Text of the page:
Sunday, 23 November 2014

Free In a Day

Three weeks, two trips up the Freerider and a load of great day routes into our time in Yosemite and I was still hankering for one more big challenge. Climbing big walls isn’t something I could do all the time, I find it both mentally and physically exhausting, and after 3 or 4 weeks I start to lose my drive. But at this point the weather was perfect and I had maybe just enough mojo to try one more wall. At the top of my wish list is the Pre-Muir, the free variant of the Muir Wall, which Caff, Hazel and Ding Dong climbed a couple of years ago. The last dirtbag, James Lucas, mentioned a friend of his who was planning to give it a go this autumn. I paid Madaleine a visit one evening to see about teaming up, but Mad already had plans and so this wasn’t to be.

The arrival of a storm forecast in a few days time changed things, Mad postponed her Muir plans and I got a text suggesting doing a climb during the next few days. I don’t know who suggested doing Freerider in a day, but El Cap free in a day was also pretty high on my wish list, especially since James Mchaffie and I had narrowly missed out on freeing Golden Gate in a day a few years ago.

I already had plans on some of the other days and we had hardly any time to get things ready, such as, making advanced stashes, prepping food, water and rack, planning our strategy or even climbing together! Mad managed to rap the route, leaving a few litres of water here and there and checked out the crux pitch. The day after, I jugged up fixed ropes to Heart for the third time in three weeks to leave food and water and a spare rope for the awkward down climb. Back at camp, Mad and I finally met up to talk about gear and planning with about 8 hours to go before we were to start climbing!

At 1am I set off climbing in the darkness up slabs I had gotten to know fairly well over the previous few weeks, using a Duck for the first time to protect me as we simul-climbed the first four pitches. I retrieved the rack, and the trusty Duck, and we stopped again six pitches later at the Heart ledges. It had taken us three hours to get to Heart ledges, half the time it had taken me previously, but this is still presumably quite slow if you’re Alex Honnold. Mad took the lead and on the next pitch climbed what I have heard called... “the hardest move on rock”, a sandbag 11b slab move. This slowed us down briefly but then we were moving again, simul-climbing past notorious features like the Hollow flake and up to the Ear. Having seventy meters of rope between you is not well suited to simul-climbing we now know. Both Mad and I had been dealing with painful rope drag most of the way, but on the final stretch through the Ear the drag reached epic proportions. Chimneying in the dark, run out, with a helmet, a harness load of gear and heinous drag to top it off, Mad was screaming in pain and frustration. We took a rest below the Monster and enjoyed the beautiful sunrise.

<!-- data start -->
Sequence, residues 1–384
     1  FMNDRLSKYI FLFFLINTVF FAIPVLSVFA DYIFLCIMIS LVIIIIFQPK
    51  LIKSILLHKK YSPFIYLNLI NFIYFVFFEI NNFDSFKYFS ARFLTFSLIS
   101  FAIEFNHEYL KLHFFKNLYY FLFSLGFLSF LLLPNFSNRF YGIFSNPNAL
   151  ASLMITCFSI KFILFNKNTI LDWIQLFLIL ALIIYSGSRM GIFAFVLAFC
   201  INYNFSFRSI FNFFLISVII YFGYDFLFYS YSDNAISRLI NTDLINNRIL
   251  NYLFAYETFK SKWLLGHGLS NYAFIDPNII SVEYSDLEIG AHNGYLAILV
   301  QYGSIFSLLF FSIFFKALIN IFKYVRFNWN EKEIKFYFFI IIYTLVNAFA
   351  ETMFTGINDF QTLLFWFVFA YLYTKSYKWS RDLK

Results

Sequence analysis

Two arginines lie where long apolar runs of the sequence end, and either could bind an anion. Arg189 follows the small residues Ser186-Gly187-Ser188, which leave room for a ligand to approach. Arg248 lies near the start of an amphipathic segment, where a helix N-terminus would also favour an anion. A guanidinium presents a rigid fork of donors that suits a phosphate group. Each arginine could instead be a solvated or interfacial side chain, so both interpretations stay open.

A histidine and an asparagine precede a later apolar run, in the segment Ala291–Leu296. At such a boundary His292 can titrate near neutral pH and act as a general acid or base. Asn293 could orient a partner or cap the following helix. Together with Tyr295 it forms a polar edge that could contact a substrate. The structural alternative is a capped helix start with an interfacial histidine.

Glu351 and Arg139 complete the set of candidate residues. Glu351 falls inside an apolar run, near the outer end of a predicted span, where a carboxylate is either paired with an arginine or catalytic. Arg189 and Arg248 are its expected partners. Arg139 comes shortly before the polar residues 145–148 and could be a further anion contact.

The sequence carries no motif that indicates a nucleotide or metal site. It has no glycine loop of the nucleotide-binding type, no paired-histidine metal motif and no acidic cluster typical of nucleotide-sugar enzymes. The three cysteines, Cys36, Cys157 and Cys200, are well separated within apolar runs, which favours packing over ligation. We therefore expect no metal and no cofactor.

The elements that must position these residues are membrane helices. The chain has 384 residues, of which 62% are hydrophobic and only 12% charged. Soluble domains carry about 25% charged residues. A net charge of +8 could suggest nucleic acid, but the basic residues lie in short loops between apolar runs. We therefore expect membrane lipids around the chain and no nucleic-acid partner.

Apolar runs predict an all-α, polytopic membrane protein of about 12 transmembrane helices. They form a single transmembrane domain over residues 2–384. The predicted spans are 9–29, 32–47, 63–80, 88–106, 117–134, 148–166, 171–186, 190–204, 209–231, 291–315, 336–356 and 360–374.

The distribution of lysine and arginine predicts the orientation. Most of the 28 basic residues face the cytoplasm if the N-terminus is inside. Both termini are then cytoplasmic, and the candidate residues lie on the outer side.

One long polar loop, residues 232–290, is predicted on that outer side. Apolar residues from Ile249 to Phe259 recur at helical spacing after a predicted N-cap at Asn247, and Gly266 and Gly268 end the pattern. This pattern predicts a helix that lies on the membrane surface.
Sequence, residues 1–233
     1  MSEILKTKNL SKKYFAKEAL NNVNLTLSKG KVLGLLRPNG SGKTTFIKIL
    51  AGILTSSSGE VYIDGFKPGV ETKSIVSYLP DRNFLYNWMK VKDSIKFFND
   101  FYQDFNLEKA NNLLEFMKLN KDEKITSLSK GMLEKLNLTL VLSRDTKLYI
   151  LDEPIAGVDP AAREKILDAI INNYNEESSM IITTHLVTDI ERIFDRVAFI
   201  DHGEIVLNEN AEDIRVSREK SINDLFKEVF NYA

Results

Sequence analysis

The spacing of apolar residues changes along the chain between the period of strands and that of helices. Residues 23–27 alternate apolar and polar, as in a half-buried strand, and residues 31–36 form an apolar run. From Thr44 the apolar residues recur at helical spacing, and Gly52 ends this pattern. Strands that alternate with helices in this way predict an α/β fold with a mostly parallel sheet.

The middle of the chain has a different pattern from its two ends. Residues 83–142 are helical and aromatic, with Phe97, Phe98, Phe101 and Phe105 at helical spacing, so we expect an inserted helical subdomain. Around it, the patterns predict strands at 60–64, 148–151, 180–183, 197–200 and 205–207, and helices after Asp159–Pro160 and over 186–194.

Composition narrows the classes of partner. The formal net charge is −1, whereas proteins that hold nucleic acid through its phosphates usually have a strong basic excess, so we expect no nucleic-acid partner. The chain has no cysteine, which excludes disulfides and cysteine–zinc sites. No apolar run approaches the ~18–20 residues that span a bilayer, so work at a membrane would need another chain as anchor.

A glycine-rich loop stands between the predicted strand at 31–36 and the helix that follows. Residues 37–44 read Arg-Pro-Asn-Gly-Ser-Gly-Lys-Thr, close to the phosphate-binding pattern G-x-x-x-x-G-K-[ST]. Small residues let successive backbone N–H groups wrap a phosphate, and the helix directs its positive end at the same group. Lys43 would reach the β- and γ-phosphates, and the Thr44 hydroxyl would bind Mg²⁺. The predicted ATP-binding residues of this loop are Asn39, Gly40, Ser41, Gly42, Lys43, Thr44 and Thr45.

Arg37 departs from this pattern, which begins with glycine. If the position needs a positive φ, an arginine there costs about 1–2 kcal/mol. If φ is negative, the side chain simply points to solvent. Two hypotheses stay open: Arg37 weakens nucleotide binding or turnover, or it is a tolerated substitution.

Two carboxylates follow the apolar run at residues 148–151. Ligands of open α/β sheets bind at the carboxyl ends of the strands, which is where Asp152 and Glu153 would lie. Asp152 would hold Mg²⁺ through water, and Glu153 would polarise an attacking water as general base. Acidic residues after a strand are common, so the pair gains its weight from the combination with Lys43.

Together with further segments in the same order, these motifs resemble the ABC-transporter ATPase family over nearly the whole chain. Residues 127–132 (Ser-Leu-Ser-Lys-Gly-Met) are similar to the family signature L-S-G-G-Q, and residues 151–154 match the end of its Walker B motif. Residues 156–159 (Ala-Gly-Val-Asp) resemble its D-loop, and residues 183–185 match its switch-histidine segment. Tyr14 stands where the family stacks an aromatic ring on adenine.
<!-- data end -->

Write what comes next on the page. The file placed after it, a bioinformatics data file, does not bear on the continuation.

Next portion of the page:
The Monster!
Sunset from the round table
I really dislike the Monster Offwidth, but despite this, it does seem to be becoming my party piece and that day I climbed it for the sixth time – surely nowhere near as many times as James? Fortunately, it does seem to get easier with repetition and we were relatively fresh at this point due to not having done any hauling. We had a brief rest at the Alcove, where I had previously made camp for the night and then continued upwards, pitching the rest of the way now. It wasn’t long before we hit the Teflon, the hardest pitch on the route. I had previously flashed this pitch and was hoping that this wasn’t a complete fluke. I was a bit concerned when, on my first attempt, I was suddenly and unexpectedly ejected from the corner when a foot slipped. I got back on and with much relief did it on the next attempt. Mad’s turn to follow coincided with the hottest part of the day and after a few frustrating attempt, she came up to the belay for a breather.